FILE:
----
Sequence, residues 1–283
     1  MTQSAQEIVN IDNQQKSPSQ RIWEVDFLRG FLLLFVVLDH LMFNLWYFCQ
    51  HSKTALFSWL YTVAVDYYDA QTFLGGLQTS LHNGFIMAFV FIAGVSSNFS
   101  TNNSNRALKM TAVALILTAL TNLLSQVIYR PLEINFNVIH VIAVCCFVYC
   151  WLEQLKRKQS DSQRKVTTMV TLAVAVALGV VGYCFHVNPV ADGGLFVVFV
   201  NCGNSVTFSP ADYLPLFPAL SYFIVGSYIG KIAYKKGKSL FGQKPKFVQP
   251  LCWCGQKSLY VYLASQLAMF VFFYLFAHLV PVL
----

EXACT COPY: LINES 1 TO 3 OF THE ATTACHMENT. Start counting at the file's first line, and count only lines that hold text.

Sequence, residues 1–283
     1  MTQSAQEIVN IDNQQKSPSQ RIWEVDFLRG FLLLFVVLDH LMFNLWYFCQ
    51  HSKTALFSWL YTVAVDYYDA QTFLGGLQTS LHNGFIMAFV FIAGVSSNFS